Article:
Nietzsche’s praise of Moorish culture raises hermeneutical dilemmas, that being how the respective achievements of disparate cultures and contending historical accounts of encounters between them may be productively compared. Where Nietzsche praises the Moors he does so in part to tweak the prejudices of his likely secularized-Christian readers, goading them to take seriously his arguments concerning the deleterious effects wrought on European life by Christianity. Had he looked more deeply into Islam and considered it in terms of his critique of values Nietzsche would have recognized that as part of the Abrahamic tradition Islam slanders life as thoroughly as Christianity—the slave morality of taming—he excoriated. While critical of the function of orientalist discourses in reiterating the West’s “sense of racial and cultural superiority” through the othering of non-Christian peoples, Jackson overlooks how Nietzsche’s praise of the Moors romanticizes them— indicating his own unusual brand of orientalism (2, 4).

This relates to the controversial 'clash of civilizations' thesis originally advanced by Samuel Huntington. Jackson states: "The threat to Islam does not come from the West, nor from secularization. It comes internally, from its own perception of itself. …Islam is killing its own God and, as a consequence, will be forced to either remain an enemy to secularization, leading to greater fundamentalism, or will be 'secularized' so that it ceases to have any identity or life-enhancing philosophy of its own (146)." However, Islam’s conception of itself is shaped, in no small part, by forces originating outside the Islamic cultural realm. This makes the suggestion that recuperating Islam’s identity will save it from secular banalization or militant extremism somewhat incredible. Jackson argues that “Islam does have an essence, and that it is constructive to talk of Islam being compatible with liberalism, democracy and globalization, etc. (8).” This is perplexing given that in our ultra-liberal-modern age, “belief in unconditional authority, in definitive truth; “the foundation” for subordination and “proud obedience… is disappearing (HH 440-1).” Against the continuous onslaught of secularizing Western values, Islam, which means “submission”, is increasingly unable to justify its privileged status within Muslim societies and appears ever more untenable as a source of meaning and purpose to young people throughout the Islamic world.

Jackson radically challenges “the view of Islam as a monolithic ideology (152)”, equating its proper ideological function with the “essence of consultation” crucial to the re-establishment of an authentic Islamic state that is inclusive of diversity and corresponds with “modern political forms”. It is an ideology originating in the egalitarian ethos of the ancient Arab culture from which Mohammad emerged (157). In support of this he asserts the “secularization of society need not lead to the trivialization of religion, so that the spiritual is used for profane purposes”, ignoring the fact that secularization has almost universally diminished traditional religious authority (160). Such a consequence is difficult to distinguish from its “trivialization”—however much Jackson’s ideal Islamic state “defies definition”—and would seem to contradict the indistinguishable role of Sharia law within the umma, which relegates non-Muslims to a secondary social status by means of exclusionary practices placing all dhimmis and kafirun it “others” outside its privileged community (155-57). Jackson hints at the radically transformative potential in the “profane purposes” to which the spiritual might be put within a “proper” secular society—yet how it is to be realized remains unclear, given the rigidity of conventional religious institutions that would first have to be overcome (160-1). His argument for a secularized religious society in Muslim nations, while noting that the “degree this process of secularization is Islamic rather depends on a combination of values, both within and outside the state, within a given time period (160),” fails to adequately account for the powerfully influential forces of Western-led globalization (a coercively secularizing process) and the nihilistic values its consumer culture confers.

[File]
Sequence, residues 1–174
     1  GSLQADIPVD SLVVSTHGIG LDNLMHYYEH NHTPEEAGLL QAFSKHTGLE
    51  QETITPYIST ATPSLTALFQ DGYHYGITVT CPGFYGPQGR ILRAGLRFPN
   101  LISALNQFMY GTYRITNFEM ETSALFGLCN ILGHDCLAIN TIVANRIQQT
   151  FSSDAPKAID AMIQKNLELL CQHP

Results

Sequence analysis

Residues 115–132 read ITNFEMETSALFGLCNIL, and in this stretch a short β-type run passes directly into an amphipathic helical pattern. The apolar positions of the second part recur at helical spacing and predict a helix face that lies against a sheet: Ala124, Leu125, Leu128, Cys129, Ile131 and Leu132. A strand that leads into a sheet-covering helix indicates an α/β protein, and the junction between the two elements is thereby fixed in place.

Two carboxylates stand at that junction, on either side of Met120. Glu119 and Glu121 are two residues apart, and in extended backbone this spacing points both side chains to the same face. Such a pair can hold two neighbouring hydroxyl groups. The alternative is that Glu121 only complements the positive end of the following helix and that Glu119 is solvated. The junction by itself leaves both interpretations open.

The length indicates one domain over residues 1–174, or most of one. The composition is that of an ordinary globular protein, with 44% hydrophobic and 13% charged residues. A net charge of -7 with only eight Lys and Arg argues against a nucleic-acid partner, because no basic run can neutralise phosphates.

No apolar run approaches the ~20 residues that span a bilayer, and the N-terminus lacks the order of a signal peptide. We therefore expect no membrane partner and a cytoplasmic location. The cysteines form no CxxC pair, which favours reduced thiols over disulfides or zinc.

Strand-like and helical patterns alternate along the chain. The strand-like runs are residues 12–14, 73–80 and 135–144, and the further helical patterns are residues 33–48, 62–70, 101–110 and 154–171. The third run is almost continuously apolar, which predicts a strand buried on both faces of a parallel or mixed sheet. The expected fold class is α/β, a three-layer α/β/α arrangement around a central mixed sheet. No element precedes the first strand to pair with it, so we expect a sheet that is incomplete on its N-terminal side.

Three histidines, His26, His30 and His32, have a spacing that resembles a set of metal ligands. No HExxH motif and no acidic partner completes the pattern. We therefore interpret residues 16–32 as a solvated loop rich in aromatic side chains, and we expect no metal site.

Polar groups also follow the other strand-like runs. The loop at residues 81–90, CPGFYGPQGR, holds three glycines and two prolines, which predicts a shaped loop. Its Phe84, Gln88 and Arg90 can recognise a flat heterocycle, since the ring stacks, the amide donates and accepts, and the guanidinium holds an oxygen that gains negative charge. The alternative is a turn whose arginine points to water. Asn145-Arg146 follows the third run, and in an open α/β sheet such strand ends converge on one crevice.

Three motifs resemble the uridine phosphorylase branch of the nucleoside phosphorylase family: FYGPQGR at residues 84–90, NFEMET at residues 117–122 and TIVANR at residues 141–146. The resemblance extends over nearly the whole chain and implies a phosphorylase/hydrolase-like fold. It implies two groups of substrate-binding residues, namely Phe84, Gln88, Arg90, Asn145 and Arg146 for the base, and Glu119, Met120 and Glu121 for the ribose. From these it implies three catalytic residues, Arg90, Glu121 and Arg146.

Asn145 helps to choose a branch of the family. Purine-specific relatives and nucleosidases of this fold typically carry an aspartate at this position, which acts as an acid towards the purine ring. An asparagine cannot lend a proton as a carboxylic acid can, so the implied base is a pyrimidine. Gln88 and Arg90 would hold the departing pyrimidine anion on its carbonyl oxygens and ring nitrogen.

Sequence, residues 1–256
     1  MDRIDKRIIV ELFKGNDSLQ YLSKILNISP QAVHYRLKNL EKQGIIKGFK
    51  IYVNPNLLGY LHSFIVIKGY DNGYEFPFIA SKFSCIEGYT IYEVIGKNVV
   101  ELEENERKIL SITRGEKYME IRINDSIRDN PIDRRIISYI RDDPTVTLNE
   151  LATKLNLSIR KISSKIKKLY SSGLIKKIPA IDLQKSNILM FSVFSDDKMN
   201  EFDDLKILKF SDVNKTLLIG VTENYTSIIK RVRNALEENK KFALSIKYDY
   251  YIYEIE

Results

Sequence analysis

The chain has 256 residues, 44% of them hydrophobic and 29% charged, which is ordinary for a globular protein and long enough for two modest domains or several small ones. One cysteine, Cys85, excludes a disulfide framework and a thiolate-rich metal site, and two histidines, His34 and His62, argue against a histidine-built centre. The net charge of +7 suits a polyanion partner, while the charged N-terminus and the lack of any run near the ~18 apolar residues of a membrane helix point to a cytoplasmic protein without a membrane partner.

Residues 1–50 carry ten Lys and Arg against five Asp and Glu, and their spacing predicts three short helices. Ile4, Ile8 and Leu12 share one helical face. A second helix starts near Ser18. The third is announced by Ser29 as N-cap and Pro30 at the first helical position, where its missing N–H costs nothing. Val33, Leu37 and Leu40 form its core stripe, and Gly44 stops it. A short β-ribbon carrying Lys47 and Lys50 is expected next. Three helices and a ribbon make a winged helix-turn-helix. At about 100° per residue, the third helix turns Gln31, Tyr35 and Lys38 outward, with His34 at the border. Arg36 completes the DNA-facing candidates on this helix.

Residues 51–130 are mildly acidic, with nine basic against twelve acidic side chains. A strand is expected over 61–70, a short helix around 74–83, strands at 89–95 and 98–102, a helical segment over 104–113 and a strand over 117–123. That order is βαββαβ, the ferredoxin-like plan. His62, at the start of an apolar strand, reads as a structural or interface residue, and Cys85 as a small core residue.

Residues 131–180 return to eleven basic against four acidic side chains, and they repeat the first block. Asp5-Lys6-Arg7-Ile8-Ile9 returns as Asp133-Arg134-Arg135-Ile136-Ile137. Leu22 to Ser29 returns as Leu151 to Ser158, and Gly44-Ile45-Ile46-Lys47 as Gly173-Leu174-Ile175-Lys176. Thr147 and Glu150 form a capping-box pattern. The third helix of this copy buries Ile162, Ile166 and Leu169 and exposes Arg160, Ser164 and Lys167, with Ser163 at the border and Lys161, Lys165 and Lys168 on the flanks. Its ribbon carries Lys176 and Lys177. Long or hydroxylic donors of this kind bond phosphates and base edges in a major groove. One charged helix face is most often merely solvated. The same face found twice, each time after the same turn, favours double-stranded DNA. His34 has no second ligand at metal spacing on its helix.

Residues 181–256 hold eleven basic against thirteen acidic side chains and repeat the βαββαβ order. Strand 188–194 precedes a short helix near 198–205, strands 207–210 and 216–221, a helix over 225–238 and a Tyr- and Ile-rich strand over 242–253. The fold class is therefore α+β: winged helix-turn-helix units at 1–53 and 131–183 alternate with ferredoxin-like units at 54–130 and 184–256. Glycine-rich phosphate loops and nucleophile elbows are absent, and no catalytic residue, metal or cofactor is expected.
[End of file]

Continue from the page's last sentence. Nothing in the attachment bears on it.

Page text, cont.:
While Jackson’s book contains much of value about interpretive challenges regarding Islam’s paradigms in the contemporary world, the aim of reviving its lost essence suggests an underlying reaction to transformations the faith has undergone and challenges it faces in the present. The extent to which such a desire symptomatizes a negative will to nothingness as nihilistic power may suggest a greater commonality between Jackson and Luther, rather than with Nietzsche, and entail another interpretive predicament. The desire to save a decadent religion may indicate increasing enfeeblement and decline, not least on the part of the advocate(s) of such a strategy. Is it not a “dream of crab-like retrogression (TI Hammer—43)”, a salvific illusion that paradoxically replicates aspects of modernity’s own illusory faith in progress — one that likely informed its conception on some level? If so it suggests an unwillingness to deal with the gravity of the matter: the deterioration of Islam’s capacity for cultivating vital forms of life—let alone to overcome its self-inhibiting “golden age narrative”. Readers will wonder if, from a Nietzschean perspective, the aim of resuscitating a degenerating religion isn’t less likely to restore it to health than to metamorphose it into something more harmful.

As an unconscious memoir, Jackson’s optimistic appraisal of Islam’s life-affirming potential is laden with tragic irony, for however much the Muslim faith may once have enhanced salubrious becomings it has been irreparably weakened by the reactive will to truth that prevails among its conventional authorities. Rather than seek to rehabilitate a decadent religion, Nietzsche’s free-Spirited experimenters would attempt to hasten the process of its creative destruction. It is difficult to see how any semblance of Islam’s “authentic” meaning—which ultimately calumniates this world, even in hypothetically secularized form—could survive that process. Jackson’s book, although interesting, may therefore persuade readers that a Nietzschean interpretive stance is inappropriate to the task of recapturing "the essence of Islam’s key paradigms", or of reinvigorating "the hermeneutical core" of that atrophying religion (9).

University of Denver